Ghosts of Ole Miss

Ghost of Ole Miss

The ESPN series 30 For 30, available on Netflix, is really great.  I think today I saw one of the best, if not the best.  It was called Ghosts of Ole Miss and it covered the undefeated Ole Miss football team of 1962.  More importantly, it also covered the bravery of James Meredith and the riots that ensued because of him being the first black student admitted to the University of Mississippi.

However, if this was just a documentary about history, I don’t think I would be writing about it.  (Even though it is a completely enthralling piece of filmmaking that covers a time period that many Americans would like to forget.)  For anyone that doesn’t understand the controversy surrounding the Confederate flag, or thinks that controversy is much to do over nothing, I think this is something you must watch.  The film is also great at providing the missing link between the Civil War and modern day problems dealing with race.  I also don’t think race is the only modern political situation this film is relevant to.  At a time when we are seeing local and state politicians try to stand up to the federal government on the issue of gay marriage, one can’t help but see their historical counterparts in this film.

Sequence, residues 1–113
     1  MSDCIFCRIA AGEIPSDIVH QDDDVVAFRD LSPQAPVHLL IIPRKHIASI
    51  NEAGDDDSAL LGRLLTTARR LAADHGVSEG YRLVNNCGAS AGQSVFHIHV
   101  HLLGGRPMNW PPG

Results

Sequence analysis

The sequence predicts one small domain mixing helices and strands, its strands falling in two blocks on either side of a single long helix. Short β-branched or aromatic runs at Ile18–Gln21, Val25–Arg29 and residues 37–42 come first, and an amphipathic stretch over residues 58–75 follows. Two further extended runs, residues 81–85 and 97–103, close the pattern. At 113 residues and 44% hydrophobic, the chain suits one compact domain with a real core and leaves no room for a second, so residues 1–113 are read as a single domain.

There is also a positive element to this film.  Even though the film does not make the claim that all race issues are gone are settled in Mississippi, as they clearly aren’t there or anywhere else, the film does acknowledge that great strides have been made.  As dark as the history showcased in this film is, there is hope that, over time, people can change.

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